40 players have been accepted to play in the UK Proving Grounds 2019 (UKPG), a grassroots League of Legends tournament taking place over the next few weeks.
In this guest article, UKPG organiser and Barrage Esports team manager Richard ‘Froomie’ Froom selects 2 players in each position – top, jungle, mid, ADC and support – for the viewers to keep their eyes on throughout the fast-paced two-week tournament.
Aged just 19 years old, Akkers has already graced the top tiers of UK League of Legends playing splits in the Forge of Champions, UKLC and UKEL.
2019 saw a mixed bag of results for the top laner. He was given his UKLC debut split by former UKLC organisation Darkspawn, however it ended in the org being relegated at the end of the spring split with just 1 win to show for their regular season efforts.
Summer saw Akkers ply his trade with Clique in the UKEL where he had a very solid showing, coming first in the regular split and then runner up in the play-offs. After Clique failed to make an impact in the Forge of Champions Open, Akkers is going to have to show he still has the potential to play with the big boys as he hopes to impress the top orgs in the country – something he is more than capable of doing on his day.
Originally a substitute for Demise in Summer 2019, Merpilian was called into action mid-way through last split after previous top laner Zeiko switched to mid lane. Not many expected much from Merpilian, however he surprised them by being able to hold his own against some of the best top laners the UKLC had to offer.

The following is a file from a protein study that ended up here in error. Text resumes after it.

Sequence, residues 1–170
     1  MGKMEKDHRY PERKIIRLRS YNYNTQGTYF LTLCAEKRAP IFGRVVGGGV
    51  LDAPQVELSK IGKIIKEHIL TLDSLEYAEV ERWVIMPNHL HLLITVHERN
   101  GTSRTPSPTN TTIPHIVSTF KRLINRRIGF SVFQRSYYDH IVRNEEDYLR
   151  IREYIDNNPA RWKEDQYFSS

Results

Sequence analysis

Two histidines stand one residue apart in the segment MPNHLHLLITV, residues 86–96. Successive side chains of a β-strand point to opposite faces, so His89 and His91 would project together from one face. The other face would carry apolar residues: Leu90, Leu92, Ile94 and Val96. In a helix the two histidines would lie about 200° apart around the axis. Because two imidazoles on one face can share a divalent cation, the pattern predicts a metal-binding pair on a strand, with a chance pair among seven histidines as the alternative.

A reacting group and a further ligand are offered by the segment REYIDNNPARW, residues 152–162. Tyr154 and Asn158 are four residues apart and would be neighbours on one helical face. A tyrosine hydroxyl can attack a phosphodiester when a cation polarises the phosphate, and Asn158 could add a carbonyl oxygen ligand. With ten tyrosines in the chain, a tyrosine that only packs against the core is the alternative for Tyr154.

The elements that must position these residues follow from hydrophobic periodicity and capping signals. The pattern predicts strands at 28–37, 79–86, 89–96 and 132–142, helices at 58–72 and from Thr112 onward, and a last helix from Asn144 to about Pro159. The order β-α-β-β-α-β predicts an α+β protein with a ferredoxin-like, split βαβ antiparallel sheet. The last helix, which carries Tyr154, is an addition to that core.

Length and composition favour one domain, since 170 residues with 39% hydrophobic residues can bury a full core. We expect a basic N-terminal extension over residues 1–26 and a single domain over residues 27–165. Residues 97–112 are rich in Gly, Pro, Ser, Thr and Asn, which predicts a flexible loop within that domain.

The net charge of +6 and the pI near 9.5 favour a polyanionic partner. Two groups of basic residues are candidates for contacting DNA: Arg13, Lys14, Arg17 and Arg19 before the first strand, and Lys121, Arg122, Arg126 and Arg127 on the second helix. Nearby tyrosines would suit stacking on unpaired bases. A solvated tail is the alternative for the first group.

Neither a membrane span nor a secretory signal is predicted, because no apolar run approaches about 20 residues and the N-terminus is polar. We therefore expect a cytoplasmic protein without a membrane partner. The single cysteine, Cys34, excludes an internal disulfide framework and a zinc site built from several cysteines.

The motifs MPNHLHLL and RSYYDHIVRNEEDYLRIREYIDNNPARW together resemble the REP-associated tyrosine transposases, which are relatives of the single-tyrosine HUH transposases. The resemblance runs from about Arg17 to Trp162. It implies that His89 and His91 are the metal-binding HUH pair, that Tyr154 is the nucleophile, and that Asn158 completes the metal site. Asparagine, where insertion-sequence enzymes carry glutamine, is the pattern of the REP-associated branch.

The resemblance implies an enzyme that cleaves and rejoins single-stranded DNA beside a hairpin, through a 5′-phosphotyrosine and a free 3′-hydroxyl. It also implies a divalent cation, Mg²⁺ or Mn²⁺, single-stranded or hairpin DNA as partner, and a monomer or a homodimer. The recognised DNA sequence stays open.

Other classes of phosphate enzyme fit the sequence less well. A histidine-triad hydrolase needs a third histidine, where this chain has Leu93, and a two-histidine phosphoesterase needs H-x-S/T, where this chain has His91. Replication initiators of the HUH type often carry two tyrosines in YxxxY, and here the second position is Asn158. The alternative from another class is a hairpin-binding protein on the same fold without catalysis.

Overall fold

After Demise fell to Phelan in the UKLC playoffs, they were unable to bounce back in Forge of Champions after falling convincingly to Diabolus. This potentially leaves Merpilian with something to prove going into the UK Proving Grounds – will he be able to prove that he’s more worthy of a spot than fringe players like Akkers and Toliam? I expect a strong showing based on his UKLC rookie split and I hope he can build on his early success.
Formerly known as DandyChap, the self-proclaimed ruler of flex queue is Tyrin, an old face in the UK League of Legends scene.
His playing career dates as far back as 2015, having played for former UK scene giants such as Infused and Choke. Since initially retiring in 2017, Tyrin made a resurgence in 2018 playing for Newcastle Jaguars, and more recently with Radiant in the UKEL.
It remains to be seen if Tyrin has been able to expand his niche champion pool and if he’ll be able to recapture his former level of play. UK Proving Grounds is an excellent opportunity for Tyrin to prove that he’s still a better option than some of the upcoming new blood.
Little is known about Pawp other than he’s the highest elo solo queue jungler in the competition. Sitting in Master, he is over a whole division higher than the rest of the jungle pool.
Pawp will give a real insight into how being higher on the ladder can affect your ability to play comp, especially when you consider most of the other junglers in the competition have relatively little competitive experience themselves.
The UK has seen a lot of junglers come through the grassroots scene in recent years, can Pawp be the next?
Although aged just 17, BB Muffin stands to be one of the more experienced players in the tournament and is hailed as one of the most exciting prospects to come out of Ireland in recent years.
Muffin’s first taste of competitive play in the UK scene was in the 2018 Forge of Champions split as he subbed in for Super Duper Giant truck team. This, combined with climbing the ladder, eventually lead to him being picked up in Spring 2019 by Phelan. He was restricted to a handful of appearances, some of which were in top lane, but did not look out of place in the UKLC.